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Project Management – The Most Common Myths
External resources can be a cost effective way of implementing change and addressing poor operating performance. Many businesses often attempt to resolve challenges internally before seeking external assistance., Companies often do not acknowledge that ‘initiatives’ or ‘objectives’ they have defined are in fact, projects – where the use of external expertise could greatly enhance the process, reduce time, and provide the outcomes leadership is seeking.
Companies often fall victim to the most common ‘myths’ about project management, including the failure to identify key ‘initiatives’ as projects.
1. You should ‘stick to the plan’, even when indicators are such that an adjustment is in order.
Flexibility is key – especially with longer term efforts that may see multiple changes in the business landscape before completion.
2. The process is more important than the people.
The value and contribution of the people is one of the most critical factors in success – continued education and supporting people when appropriate with external expertise support overall success.
3. Leadership wants the details.
The day-to-day details of an initiative/project are not necessary. Leadership has to have confidence in their team – with the understanding that on-going inclusive communication to ensure appropriate levels of information are shared regularly and inputs are sought continued progress and achievement is enabled v. impeded.
4. Execution is the more important than planning.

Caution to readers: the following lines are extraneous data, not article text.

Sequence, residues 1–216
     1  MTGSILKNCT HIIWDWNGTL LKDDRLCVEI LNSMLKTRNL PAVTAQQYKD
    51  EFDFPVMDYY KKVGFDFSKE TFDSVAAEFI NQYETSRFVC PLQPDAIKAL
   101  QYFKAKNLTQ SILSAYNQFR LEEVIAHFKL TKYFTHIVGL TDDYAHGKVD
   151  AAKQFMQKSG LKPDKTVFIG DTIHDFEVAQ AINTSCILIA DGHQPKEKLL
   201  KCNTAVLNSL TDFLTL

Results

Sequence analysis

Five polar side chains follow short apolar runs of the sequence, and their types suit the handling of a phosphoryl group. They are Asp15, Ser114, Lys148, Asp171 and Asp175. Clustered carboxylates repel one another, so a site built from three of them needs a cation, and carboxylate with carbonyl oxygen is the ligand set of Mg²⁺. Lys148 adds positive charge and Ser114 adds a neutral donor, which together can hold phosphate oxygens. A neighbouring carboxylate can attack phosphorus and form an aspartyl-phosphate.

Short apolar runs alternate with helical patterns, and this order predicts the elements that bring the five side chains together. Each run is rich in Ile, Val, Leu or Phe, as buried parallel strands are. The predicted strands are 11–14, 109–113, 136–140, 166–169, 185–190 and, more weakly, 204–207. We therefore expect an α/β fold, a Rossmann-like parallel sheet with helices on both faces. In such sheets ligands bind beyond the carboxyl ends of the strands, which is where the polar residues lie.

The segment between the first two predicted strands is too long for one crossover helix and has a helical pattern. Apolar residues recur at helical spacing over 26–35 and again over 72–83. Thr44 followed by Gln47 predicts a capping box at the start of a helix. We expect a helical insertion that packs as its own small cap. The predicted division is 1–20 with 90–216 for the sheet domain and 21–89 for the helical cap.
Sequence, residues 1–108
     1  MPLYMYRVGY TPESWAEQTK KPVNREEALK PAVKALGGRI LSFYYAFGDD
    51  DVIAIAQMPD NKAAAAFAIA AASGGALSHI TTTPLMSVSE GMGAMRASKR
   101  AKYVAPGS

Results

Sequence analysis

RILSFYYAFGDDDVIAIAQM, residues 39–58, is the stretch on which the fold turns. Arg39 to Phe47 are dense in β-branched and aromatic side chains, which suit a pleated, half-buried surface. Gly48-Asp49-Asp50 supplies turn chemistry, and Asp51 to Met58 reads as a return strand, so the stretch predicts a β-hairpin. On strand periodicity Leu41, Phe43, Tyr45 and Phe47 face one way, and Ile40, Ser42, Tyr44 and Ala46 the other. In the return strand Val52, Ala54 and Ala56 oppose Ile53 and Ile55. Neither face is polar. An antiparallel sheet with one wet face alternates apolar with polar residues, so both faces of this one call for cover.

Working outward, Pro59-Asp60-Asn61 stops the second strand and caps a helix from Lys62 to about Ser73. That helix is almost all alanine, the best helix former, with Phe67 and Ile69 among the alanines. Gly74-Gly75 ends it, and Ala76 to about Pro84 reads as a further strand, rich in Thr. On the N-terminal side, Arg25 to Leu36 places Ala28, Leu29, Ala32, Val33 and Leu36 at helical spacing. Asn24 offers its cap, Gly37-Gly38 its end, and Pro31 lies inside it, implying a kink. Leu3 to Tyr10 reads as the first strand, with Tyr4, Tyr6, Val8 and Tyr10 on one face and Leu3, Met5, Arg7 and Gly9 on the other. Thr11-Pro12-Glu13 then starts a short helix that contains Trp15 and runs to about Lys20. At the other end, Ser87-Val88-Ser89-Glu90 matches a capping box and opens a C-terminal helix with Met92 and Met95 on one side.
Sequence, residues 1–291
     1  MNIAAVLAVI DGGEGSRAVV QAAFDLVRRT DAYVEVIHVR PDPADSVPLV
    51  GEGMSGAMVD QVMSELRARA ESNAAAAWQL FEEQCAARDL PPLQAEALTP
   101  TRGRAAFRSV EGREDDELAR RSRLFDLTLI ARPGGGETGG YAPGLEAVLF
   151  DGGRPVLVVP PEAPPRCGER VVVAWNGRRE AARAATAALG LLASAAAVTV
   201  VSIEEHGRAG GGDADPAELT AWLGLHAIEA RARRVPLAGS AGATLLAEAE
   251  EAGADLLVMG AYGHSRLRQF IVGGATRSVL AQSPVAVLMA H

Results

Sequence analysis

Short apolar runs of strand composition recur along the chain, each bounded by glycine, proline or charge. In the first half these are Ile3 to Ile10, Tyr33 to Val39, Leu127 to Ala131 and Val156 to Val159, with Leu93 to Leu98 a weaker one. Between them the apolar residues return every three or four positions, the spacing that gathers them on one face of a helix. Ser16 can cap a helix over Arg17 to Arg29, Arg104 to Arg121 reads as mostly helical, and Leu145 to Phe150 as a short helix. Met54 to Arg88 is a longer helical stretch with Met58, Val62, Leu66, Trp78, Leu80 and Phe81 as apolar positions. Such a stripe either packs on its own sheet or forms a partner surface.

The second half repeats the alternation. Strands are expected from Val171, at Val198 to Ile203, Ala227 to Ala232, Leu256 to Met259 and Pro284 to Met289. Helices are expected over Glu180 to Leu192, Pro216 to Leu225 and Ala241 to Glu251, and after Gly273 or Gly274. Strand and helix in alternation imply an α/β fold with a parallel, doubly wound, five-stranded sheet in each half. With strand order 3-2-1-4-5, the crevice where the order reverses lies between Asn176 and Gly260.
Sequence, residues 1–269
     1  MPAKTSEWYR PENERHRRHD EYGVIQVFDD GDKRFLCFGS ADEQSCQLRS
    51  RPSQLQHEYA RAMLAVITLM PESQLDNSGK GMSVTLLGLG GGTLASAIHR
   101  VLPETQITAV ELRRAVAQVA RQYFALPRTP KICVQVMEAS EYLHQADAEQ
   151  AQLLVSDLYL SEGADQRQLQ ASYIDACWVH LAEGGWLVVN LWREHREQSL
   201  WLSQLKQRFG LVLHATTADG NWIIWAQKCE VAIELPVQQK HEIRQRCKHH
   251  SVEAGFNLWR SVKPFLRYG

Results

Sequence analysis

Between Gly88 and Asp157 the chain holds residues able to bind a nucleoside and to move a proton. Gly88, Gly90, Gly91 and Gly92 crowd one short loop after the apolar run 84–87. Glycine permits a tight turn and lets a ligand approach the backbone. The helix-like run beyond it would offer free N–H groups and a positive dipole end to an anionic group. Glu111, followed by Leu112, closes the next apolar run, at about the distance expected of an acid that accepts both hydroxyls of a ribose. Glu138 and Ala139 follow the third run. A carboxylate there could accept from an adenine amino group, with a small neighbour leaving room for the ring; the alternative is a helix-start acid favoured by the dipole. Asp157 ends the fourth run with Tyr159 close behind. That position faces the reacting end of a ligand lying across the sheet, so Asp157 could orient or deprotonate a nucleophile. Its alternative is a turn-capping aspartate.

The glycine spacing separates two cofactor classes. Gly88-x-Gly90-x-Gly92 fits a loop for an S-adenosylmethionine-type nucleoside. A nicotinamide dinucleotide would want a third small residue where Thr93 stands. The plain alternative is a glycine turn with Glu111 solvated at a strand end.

Failure to focus on the planning of an initiative simply to speed to the execution stage yields the usual downstream impact – more time, more spend, less likelihood that objectives will be met. Lack of agreement on critical components and the plan at the outset can be costly – and generate challenges with employees/team members.
5. Smooth Sailing – there is no ‘backlog’ of initiatives/projects.
In a flexible company where responsiveness to changing conditions is a core capability – project/initiative backlogs are almost ever-present. The forced migration from an idea to an active effort without reflection can result in dollars, time, and human capital waste. A reasonable calendar of viable timeframes is key – and enables leadership to properly re-evaluate as the backlog moves from future to present.
6. The Cloud – it’s too risky, too early to attempt.
The cost savings, labor savings, improved productivity are just some of the reasons to leverage the benefits. The Cloud often provides greater reliability, security, and accessibility to a Company than it’s current IT structure can provide – and enables the company oftentimes to focus their resources on activity that supports increased delivery of value to the company.
7. Risk Management is completed at the front-end.
Risk management is an on-going activity – from the planning through to the completion of an initiative/project. External and internal factors evaluated at the beginning can change during the execution of a project – and ensuring that these factors are ‘re-evaluated’ along with already identified risks enables management to incorporate risk mitigation approaches as part of the project.